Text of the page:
As a young company commander in Baghdad, Rep. Patrick Murphy, a Pennsylvania Democrat, led troops "who didn't care about your color, creed, race, or sexual orientation—they cared about whether you could fire your M-4 assault rifle and kick a door down."
Today, he is spearheading the House legislative effort to repeal the Pentagon's "don't ask, don't tell" policy, which bans openly homosexual troops from serving in the military. The first Iraq war veteran elected to Congress, Murphy has taken up the cause, he says, because since being commissioned as an officer in 1993, he "saw so many great soldiers thrown out not for any misconduct but just because they are gay." This week in Philadelphia, flanked by former soldiers, Murphy launched a multi-city campaign to talk up his bill to change the law. It is not just the right thing to do, he says, but a matter of national security.
That line has become the rallying cry for a cadre of congressional Democrats intent on overturning the ban, enacted in 1993. It has helped, staffers say, that over at the Pentagon, there has been a notable shift in the tone of senior officials regarding the law, if not the expulsion of gay troops.
Still, since President Obama took office in January, 296 service members have been discharged under "don't ask, don't tell." For this, the president has drawn criticism from fellow Democratswho note that abolishing the policy was one of Obama's campaign promises. This fact has, in turn, become a topic of discussion at the White House, according to Pentagon officials. As a result, Secretary of Defense Robert Gates said in Junethat Defense Department lawyers are trying to implement the president's policy goals by looking for ways to soften the Pentagon's interpretation of the law until it is repealed, as many senior officials expect. "The issue that we face," Gates explained, is "How do we begin to do preparations" even as the White House asks Congress "to change the law?" Those interim preparations, Gates said, include investigations into whether "there is flexibility in how we apply this law."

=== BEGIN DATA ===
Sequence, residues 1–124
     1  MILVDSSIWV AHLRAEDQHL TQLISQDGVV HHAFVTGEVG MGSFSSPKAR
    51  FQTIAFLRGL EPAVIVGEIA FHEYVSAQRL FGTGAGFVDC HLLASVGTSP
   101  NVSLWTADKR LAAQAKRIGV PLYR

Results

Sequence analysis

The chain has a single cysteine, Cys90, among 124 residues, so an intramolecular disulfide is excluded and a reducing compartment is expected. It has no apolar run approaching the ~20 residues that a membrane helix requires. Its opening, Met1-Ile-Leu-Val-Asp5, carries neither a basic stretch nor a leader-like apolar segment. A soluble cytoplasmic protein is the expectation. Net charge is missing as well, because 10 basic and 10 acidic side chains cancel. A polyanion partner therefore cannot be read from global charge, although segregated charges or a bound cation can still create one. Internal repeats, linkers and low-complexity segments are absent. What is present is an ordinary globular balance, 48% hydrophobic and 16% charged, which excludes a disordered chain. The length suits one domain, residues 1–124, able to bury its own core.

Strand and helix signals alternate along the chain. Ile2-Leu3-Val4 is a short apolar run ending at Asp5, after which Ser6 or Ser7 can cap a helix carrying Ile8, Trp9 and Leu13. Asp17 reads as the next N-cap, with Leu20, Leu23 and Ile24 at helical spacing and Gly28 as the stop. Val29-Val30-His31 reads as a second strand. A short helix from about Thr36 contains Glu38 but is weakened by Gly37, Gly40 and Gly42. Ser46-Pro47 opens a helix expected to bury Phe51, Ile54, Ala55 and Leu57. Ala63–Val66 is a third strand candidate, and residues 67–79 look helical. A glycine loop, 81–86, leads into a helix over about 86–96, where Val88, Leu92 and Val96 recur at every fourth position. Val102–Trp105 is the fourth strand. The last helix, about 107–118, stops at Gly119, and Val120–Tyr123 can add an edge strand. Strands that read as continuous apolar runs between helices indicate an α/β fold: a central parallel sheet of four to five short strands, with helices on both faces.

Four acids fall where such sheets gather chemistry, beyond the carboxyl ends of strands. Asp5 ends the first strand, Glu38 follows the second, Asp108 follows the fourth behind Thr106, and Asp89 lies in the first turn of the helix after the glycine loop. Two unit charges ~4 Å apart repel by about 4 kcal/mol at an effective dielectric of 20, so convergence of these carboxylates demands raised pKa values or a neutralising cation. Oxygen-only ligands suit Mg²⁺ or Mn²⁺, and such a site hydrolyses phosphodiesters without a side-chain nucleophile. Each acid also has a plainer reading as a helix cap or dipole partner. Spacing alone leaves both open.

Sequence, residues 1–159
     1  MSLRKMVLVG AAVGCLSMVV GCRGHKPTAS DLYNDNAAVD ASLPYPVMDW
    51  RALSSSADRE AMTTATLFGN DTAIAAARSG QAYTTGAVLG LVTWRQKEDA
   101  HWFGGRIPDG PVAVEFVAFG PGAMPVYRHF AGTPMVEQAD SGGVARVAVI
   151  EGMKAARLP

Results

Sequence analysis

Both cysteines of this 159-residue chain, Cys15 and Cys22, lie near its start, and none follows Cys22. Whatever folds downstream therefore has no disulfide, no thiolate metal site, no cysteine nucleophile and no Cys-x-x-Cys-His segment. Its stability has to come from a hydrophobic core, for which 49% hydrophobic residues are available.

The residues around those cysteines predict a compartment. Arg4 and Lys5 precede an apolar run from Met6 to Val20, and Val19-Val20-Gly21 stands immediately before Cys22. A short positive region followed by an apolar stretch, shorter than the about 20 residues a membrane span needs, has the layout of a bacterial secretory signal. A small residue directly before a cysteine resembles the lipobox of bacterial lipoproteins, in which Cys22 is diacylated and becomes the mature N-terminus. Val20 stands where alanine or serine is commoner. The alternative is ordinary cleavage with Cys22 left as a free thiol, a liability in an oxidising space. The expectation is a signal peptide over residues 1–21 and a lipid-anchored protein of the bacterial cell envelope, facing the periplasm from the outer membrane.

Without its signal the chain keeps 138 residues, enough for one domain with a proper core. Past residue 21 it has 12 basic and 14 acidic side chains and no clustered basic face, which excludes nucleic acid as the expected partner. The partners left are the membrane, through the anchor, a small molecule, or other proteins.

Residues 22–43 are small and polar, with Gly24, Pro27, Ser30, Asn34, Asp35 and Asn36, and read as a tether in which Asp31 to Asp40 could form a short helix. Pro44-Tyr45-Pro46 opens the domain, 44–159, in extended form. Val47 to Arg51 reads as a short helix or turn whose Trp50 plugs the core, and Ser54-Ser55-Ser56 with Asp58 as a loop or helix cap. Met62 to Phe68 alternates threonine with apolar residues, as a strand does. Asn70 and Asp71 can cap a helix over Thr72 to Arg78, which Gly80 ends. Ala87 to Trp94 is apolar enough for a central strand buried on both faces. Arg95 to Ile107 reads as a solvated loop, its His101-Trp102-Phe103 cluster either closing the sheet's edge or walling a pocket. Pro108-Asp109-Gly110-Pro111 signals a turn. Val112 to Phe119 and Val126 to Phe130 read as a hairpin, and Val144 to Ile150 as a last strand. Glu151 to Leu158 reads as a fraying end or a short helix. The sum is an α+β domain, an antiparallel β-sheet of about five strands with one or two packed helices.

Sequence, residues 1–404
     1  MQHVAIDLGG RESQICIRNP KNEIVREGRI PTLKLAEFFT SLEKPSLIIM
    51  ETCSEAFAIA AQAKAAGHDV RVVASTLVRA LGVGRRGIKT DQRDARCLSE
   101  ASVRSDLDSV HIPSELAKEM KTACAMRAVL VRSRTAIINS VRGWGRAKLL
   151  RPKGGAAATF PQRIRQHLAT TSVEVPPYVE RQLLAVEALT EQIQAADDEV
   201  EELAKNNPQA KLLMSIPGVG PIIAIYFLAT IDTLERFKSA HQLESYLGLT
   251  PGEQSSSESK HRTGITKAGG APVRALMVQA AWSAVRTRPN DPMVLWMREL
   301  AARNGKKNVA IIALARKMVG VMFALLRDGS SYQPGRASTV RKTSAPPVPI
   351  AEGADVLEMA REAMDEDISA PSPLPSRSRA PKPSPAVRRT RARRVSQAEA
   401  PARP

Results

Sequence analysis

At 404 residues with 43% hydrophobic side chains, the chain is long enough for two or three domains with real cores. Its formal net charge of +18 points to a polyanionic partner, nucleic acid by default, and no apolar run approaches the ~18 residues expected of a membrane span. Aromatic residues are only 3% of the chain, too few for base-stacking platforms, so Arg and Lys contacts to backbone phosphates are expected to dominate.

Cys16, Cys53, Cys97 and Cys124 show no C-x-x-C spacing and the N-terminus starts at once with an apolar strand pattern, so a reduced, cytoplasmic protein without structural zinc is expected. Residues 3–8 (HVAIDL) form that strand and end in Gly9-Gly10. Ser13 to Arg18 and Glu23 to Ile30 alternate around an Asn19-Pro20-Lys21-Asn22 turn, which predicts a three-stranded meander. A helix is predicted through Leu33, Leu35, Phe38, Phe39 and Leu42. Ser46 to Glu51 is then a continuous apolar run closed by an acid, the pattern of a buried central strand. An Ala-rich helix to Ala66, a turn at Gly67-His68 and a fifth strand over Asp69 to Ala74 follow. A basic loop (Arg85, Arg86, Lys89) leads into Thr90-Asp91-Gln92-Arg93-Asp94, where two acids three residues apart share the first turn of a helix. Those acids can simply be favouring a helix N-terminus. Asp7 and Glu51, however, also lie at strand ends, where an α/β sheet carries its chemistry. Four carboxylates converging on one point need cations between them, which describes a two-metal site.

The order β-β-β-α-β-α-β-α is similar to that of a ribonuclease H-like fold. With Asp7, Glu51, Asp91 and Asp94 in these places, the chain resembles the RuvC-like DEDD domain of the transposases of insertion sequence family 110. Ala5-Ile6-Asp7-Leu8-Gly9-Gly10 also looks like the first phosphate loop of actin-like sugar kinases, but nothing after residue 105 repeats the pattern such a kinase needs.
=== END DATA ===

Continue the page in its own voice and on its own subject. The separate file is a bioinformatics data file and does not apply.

He has offered by way of example a gay serviceman who might be turned in by "somebody who may have a vendetta." Gates asks, "Is there a way we cannot focus on those kinds of reports?"
The answer to that question, he added, has yet to be determined. In the meantime, congressional staffers say that behind the scenes, they are exploring their options. New York Democratic Sen. Kirsten Gillibrand recently shelved a plan to add an amendment to the 2010 defense authorization bill that would have placed an 18-month moratorium on the law. "There's a sense that we can do this, we're just not going to do it as an amendment to a defense bill," says one Senate staffer.
But congressional Democrats face obstacles. Murphy notes that as he works to drum up support for the bill, he privately hears from colleagues, "I want to, but I'm in a tough district." To this, Murphy says he responds that he won his district by 0.6 percent. The moderate "blue dog" Democrat also points to the cost of expelling gay troops, including the $60,000 expense of recruiting and training each new soldier—a considerable waste of taxpayer dollars, he says. With those arguments, he has managed to whip up 164 cosponsors to a bill repealing the ban. "I need 218 votes total to pass this thing," he says. "And we're working every single day to put pressure out there to get it done." Murphy hopes that will happen later this year, after Congress finishes tackling healthcare reform.